The speed regulation of a shunt motor drops from 5 percent to 10 percent from the no-load state to full load. As a result, a shunt motor is superior to the series dc motor, but is inferior to a compound-wound dc motor. ill 1 1A shows a dc motor with horse power ratings ranging from 1 hp to 5 hp.
PERMANENT MAGNET MOTORS
A variation on the dc shunt motor principle is the PM (Permanent Magnet) motor. Two varieties are available. One style of PM motor uses a permanently magnetized material such as Alnico or ceramic magnets mounted in the stator to provide a constant magnetic field. The rotor is supplied with dc through a brush and commutator system. The result is similar to a dc shunt-type motor, but it has a very linear speed/torque curve.
Another type of PM motor uses the permanent magnets mounted in the rotor. Because dc is still supplied to the motor, commutation must be provided to properly magnetize the stator in relation to the rotor, to provide rotational torque. The commutator segments are actually connected to the stator windings and a set of sliding contacts on the rotor provides the proper electrical connection from the dc source to the proper commutator segments on the stator. This type of PM motor can be produced in larger-horsepower models than the PM stator types. PM motors are generally smaller than 5 hp. ill 11B compares physical size of PM to shunt motor.
If the motors are not providing hp or torque, the problem could be that the magnets have lost some of the original magnetic strength. Another problem that can occur is the demagnetization of the permanent magnet material. This can happen when the motors are running in one direction and then quickly reversed under power. Some control circuits provide protection from quick reversals; others compensate for this problem by applying a small voltage during reversing.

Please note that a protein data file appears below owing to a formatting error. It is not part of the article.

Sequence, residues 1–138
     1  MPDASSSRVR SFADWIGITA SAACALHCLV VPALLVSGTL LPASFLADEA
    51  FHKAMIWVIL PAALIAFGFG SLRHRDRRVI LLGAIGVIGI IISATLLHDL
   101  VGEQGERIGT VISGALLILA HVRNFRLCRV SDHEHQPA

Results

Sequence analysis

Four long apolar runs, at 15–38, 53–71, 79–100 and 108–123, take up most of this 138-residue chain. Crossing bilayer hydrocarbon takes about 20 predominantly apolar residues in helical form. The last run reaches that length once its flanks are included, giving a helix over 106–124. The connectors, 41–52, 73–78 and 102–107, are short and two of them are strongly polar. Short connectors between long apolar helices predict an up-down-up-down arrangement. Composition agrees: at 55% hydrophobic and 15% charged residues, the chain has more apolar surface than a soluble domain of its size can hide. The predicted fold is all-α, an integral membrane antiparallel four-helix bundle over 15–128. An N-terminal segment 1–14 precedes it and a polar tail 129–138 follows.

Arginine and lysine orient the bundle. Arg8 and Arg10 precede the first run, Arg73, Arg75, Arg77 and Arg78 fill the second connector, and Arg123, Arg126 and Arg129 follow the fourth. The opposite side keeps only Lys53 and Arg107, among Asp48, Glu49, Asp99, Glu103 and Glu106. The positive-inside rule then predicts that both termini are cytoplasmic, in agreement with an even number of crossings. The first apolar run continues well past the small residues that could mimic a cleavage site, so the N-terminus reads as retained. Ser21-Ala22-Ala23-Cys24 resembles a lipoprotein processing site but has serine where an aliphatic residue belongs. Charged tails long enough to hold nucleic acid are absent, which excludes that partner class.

BRUSHLESS DC MOTORS
Instead of using mechanical commutation to supply a field and power to the rotor, the use of electronics to switch the stator field can be used. The rotor uses a permanent magnet so that no direct power is supplied to the rotor. In order to switch the power supply to the field windings, sensing devices must be used to determine rotor movement. As the rotor speed increases or decreases, the sensor relays the information to the electronic switching supply. The electronic supply constantly adjusts to provide the proper level of voltage to the proper stator poles to maintain speed and direction. See 12.
Another type of motor that can use a permanent magnet on the rotor is called a step ping motor, Instead of having a continuous supply of power and a continuous rotation, the rotor moves in steps as the stator is energized. The advantage of this type of motor is that motion can be monitored and exact degrees of rotation can be obtained from the input to the motor. These motors don't produce a great deal of torque so they are often used in small equipment needing incremental motion or “motion in steps.”
The concept of the motor is to energize the stator field and allow the rotor poles to move into a desired position that provides magnetic alignment. Instead of providing a rotating magnetic field or a dc field with commutation, the fields are more stationary. As seen in 13, the stator can be energized by moving switches 1 and 2 to either position A or B. The first switch sequence illustrated in 13 will result in clockwise rotation; the second sequence produces counterclockwise rotation.